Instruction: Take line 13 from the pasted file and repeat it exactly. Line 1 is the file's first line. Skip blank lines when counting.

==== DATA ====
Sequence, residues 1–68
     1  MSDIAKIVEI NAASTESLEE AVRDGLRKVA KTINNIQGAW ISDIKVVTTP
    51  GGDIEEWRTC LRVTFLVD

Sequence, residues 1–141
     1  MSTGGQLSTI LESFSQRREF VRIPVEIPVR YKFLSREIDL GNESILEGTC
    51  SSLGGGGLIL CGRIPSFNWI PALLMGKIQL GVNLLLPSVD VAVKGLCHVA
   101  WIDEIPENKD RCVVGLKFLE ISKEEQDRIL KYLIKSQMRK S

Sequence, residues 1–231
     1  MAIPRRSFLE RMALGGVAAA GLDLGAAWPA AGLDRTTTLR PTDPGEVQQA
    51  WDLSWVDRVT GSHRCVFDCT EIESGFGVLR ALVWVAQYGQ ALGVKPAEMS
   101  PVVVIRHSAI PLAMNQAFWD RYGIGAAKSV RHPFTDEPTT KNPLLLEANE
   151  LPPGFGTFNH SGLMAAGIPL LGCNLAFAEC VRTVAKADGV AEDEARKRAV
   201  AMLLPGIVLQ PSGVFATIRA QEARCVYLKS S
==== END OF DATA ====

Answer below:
   201  AMLLPGIVLQ PSGVFATIRA QEARCVYLKS S